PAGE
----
From Silos to Services: Cloud Computing for the Enterprise

Feb 1 2014   1:37PM GMT

Are We Starting to See the End of Tech Support?

Brian Gracely Brian Gracely Profile: Brian Gracely

[from @monkchips event]

[from @monkchips event]

A couple of data points don’t make me a data scientists (and I don’t live in San Francisco), but a few things caught my eye this week and got me thinking about the future of how technology is rolled out and supported.

The first one was an article by Ben Kepes (@benkepes) that called out a recent JPMC report that focused on the transformation of networking equipment. It highlighted that in comparisons between ‘whiteboard’ (or ‘bare-metal’) networking equipment and Cisco equipment, that support costs were adding a significant level of cost to the overall price.

“….However, one of the insights we come away with is that Cisco’s services fees and licenses significantly inflate their pricing. Over time we would expect these fees to come under the most pressure as Cisco is forced to compete with lower cost solutions….”  – JPMC

The second one came from EMC with their announcement that the ViPR storage software would be offered for free, with community support. EMC is obviously not the first company (or community project) to release free software, but this is definitely a different path for a traditional Enterprise vendor to take with a new product. Make it easy to download, trial and use the technology. Update the wiki-based documentation as problems are found. Consult with others using the software, in real-time, on the communities. It’s not your grandfather’s Enterprise vendor engagement model anymore.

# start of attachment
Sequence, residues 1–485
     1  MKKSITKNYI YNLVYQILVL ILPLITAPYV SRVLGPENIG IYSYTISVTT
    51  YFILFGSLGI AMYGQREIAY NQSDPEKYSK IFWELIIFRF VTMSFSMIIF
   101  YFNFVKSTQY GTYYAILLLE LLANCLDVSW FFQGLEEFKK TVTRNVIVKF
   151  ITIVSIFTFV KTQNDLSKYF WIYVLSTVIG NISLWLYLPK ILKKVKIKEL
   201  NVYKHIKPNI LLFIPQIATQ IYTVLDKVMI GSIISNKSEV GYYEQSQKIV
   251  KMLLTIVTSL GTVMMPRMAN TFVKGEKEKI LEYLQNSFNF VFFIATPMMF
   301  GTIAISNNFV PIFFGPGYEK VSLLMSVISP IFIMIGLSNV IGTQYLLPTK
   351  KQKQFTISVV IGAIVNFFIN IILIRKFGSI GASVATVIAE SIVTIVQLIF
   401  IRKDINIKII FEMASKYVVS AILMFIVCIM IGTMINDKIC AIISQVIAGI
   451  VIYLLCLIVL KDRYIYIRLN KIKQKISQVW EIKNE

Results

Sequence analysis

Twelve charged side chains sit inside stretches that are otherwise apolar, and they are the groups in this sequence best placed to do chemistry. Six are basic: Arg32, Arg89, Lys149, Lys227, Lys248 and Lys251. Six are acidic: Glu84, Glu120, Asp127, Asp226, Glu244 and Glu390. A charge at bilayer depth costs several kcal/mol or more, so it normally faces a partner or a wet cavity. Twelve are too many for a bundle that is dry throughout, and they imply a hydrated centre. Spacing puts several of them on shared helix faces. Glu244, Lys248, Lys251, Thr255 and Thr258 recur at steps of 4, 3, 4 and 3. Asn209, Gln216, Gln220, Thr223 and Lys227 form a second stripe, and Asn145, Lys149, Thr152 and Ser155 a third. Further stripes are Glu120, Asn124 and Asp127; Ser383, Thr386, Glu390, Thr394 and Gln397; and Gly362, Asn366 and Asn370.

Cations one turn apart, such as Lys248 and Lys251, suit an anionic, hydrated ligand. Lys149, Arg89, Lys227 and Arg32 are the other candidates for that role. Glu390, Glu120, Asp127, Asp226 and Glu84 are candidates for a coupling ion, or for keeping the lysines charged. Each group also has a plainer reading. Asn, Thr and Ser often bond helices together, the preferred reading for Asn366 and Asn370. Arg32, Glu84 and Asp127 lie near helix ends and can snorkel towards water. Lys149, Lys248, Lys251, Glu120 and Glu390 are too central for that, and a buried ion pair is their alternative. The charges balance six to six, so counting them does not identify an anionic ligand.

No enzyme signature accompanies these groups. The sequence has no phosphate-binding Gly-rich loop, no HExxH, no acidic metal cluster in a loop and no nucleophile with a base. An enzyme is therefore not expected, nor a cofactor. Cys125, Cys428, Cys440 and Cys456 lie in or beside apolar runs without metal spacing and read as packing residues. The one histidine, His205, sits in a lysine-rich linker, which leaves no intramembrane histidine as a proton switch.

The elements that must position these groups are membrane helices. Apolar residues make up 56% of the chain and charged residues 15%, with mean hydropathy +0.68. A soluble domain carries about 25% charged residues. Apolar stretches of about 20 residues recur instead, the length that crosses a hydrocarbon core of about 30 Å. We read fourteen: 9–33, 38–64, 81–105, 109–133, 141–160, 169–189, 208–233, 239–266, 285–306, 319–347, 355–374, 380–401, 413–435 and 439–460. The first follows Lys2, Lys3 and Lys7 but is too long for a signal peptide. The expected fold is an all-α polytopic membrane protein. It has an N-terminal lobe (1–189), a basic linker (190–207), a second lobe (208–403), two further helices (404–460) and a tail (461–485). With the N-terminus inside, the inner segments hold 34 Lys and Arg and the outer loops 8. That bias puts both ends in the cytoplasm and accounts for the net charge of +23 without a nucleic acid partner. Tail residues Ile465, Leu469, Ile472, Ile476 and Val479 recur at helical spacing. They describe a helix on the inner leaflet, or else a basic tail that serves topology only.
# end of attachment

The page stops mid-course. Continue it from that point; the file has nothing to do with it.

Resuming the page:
Still other activities are starting to take the place of traditional tech-support. Sites like StackOverflow are there to help software developers. Projects like OpenStack are driving community efforts around documentation and training, to augment existing tools like IRC to drive community-based support. And programs like #EMCElect, #CiscoChampions, and VMware vExperts are trying to identify their best and brightest, with some people taking this a step further and setting up various fee-based activities to capitalize on their knowledge and community building.

Instead of continuing to build (or outsource) large tech-support organizations, will we begin to see Support-as-a-Service groups start to emerge? For fee, the best-of-the-best, knowledge repositories and discussions to supplement or replace support over time? Can this be done in real-time as tools/software/products report their status and intelligent analytics systems seek rememdiation in real-time?

What do you see as the future of support in the Enterprise?

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